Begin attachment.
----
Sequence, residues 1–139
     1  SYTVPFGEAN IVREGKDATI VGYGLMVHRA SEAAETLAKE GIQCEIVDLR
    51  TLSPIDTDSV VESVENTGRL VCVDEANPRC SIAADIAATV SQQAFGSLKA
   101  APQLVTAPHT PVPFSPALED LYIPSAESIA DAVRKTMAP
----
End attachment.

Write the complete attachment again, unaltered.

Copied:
Sequence, residues 1–139
     1  SYTVPFGEAN IVREGKDATI VGYGLMVHRA SEAAETLAKE GIQCEIVDLR
    51  TLSPIDTDSV VESVENTGRL VCVDEANPRC SIAADIAATV SQQAFGSLKA
   101  APQLVTAPHT PVPFSPALED LYIPSAESIA DAVRKTMAP